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The Registry of Nature Habitats - Squirrel

Components of a Nature Habitat 



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Not everyone will be blessed with all sixteen Habitat Components on their property.  This does not mean that introducing as many as possible will not enhance wildlife.  The key is to understant each of the components, what they are, how they assist in nature and what wildlife will be assisted by their availability.


Squirrel Facts

  • Squirrels spend a lot of time and energy eating. They eat more than their body weight in food each week.

  • Two pairs of sharp incisors enable squirrels to gnaw through nuts. These incisors also allow them to gnaw through many feeders.

  • Squirrels have been known to gnaw on electrical wires and have caused financial damage and power outages in some cases.

  • Squirrels can jump up to 5 to 6 feet vertically, and they can leap 8 to 10 feet between objects.

  • They have the ability to scale trees, houses and many other surfaces.

  • They have the ability to cling from objects with their back foot toes (with support from their tail) which allows them to hang upside down and use their front paws to stuff their faces.

  • Squirrels have a highly elevated olfactory sense; they can smell food from great distances. This, of course, makes it easy for squirrels to detect the food we put out for the birds. You may see squirrels "running" away with food from the feeders. Squirrel frequently hoard food for a later time. Finding the food they hoard is mostly dependent on squirrels smelling where it has been hidden.

Not Feeding Squirrels

People either seem to love squirrels, put up with them, or hate them. Many people complain that the squirrels are  eating the birds' food and destroying the bird feeders. We can suggest squirrel "proof" feeders (feeders that eliminate the squirrels), creating a squirrel "proof" set up (setups that baffle the feeders) or making existing feeders squirrel "proof." In all situations we can help people deal with squirrels and better enjoy the hobby of birdfeeding.

The methods used in squirrel resistant set ups can be applied to existing feeders. Existing feeders can be fitted with the On Guard™ wire mesh protector available at Wild Birds Unlimited. It is designed to keep squirrels from reaching the seed in tube feeders. 

Safflower can also be used in feeders to discourage squirrels (and blackbirds) from eating from the feeders. Safflower is only effective if used exclusively in the feeder.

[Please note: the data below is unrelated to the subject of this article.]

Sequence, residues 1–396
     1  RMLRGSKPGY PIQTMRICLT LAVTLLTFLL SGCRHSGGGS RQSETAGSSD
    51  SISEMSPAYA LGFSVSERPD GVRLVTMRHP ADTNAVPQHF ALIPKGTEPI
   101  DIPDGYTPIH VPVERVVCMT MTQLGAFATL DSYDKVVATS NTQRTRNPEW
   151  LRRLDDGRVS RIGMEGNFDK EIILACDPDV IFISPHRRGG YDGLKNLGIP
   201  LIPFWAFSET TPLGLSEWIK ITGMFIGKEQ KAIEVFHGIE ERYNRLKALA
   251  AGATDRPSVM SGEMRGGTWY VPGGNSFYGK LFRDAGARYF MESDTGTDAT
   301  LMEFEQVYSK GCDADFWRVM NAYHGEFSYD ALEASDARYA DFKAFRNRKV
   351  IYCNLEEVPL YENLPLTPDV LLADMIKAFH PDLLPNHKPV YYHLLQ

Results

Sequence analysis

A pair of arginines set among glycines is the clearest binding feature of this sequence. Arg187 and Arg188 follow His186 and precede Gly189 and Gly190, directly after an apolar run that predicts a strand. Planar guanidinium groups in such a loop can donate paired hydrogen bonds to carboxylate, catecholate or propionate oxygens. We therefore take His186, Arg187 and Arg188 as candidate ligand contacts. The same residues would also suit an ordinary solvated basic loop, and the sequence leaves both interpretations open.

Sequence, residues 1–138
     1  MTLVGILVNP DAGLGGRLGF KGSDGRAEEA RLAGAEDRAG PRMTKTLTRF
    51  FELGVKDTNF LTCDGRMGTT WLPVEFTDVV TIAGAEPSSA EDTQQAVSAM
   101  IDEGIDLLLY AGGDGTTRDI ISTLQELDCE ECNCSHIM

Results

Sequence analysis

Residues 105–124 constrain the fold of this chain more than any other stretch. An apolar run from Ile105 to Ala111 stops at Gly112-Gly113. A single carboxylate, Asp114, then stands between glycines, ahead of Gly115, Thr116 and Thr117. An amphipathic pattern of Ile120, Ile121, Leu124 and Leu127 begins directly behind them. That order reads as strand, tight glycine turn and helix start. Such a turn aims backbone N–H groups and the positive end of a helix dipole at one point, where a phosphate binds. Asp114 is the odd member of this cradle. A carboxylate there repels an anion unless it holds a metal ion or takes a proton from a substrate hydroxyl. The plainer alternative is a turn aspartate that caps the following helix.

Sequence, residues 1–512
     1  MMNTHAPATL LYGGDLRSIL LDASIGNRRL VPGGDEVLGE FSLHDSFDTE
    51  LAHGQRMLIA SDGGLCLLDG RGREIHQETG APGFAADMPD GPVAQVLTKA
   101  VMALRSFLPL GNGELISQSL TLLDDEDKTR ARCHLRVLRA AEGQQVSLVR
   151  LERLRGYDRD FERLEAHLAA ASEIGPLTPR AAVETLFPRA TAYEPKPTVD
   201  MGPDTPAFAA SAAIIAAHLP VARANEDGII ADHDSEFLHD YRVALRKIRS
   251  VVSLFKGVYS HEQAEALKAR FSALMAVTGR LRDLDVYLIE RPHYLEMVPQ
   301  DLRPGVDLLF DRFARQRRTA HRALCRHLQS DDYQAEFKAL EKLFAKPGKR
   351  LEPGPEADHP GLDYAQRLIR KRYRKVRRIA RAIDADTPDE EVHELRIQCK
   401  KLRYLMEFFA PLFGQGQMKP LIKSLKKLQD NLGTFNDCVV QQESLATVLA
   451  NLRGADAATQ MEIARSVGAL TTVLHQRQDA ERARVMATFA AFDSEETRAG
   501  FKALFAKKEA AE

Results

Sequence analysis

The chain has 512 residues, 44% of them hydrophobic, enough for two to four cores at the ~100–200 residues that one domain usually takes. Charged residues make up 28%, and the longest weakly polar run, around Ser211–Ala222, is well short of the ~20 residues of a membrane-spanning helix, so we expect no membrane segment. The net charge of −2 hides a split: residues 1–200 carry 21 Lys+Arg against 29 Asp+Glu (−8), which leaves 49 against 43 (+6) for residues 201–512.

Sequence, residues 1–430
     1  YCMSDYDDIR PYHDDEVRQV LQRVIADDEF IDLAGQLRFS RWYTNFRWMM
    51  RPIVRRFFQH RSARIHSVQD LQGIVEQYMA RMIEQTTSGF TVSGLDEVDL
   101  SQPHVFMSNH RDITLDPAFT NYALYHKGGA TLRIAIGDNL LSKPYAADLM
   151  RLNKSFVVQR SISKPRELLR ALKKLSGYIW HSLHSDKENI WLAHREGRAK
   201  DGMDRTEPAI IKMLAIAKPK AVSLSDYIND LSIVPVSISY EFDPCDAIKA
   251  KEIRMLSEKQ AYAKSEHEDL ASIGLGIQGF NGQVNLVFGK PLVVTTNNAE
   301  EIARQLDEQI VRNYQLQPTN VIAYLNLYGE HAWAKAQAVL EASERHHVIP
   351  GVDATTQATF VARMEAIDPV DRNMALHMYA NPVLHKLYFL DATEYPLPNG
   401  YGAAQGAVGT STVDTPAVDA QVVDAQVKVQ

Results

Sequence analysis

Feeding Squirrels

For some people, providing squirrel food may deter squirrels from bothering the bird feeders. For other people feeding squirrels is actually fun.

It is recommended that people who feed the squirrels place food away from window sills or door steps so as to discourage squirrels coming through screens or doors into houses. Feeding stations for squirrels should also be placed away from the regular bird feeding stations. There are many good feeders for feeding squirrels. Birds attracted to nuts and corn may also visit these feeders.  

Squirrel Houses

Squirrels will live in many backyards. In the wild, they have no trouble finding appropriate homes in which to live, but, in urban areas where there may be a lack of trees, it is more of a challenge for the squirrels and the humans, if squirrels choose to nest in human dwellings. Squirrels nesting in human structures can cause damage to wires and insulation, and can increase unwanted noise, smells and parasites.

Placing squirrel houses in urban areas can help reduce the possibility of squirrels nesting in unwanted locations. Squirrel houses should be placed away from human dwellings at least 15'above the ground. They should face south and away from prevailing winds. Boxes can be cleaned in mid to late summer if there are no babies present.

Relocating Squirrels

Many people decide that they just can't live with the squirrels. The squirrels may be doing too much damage to electrical wiring, in the garden, or to human structures. Squirrels can be live trapped. Be sure to check with your state agencies for any regulations that may apply to trapping animals.

Squirrels have to be transported at least a few miles (five is considered safe) away, or they may find their way back home. One problem with relocating is that if the squirrel is relocated to an already populated area, the newcomer may create a disruption. The disruption could cause the relocated squirrel to be driven out of the area by more aggressive squirrels or be the cause of existing squirrels being driven out. This can result in either one being homeless and without adequate food source. Some squirrels have been known to be traumatized to the point of death during transportation. If squirrels are removed from an area, it usually creates a vacuum that is filled eventually by more squirrels.  So look at relocation as only a temporary solution.  Careful feeder placement is usually a better management tool.


For more information on:

Bird Nest Boxes
Bat Houses
Butterfly Houses
Squirrel Houses
Bee Houses
Insect Houses

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The Registry of Nature Habitats
PO Box 321
Meridale, NY 13806
Copyright 1999 - All Rights Reserved

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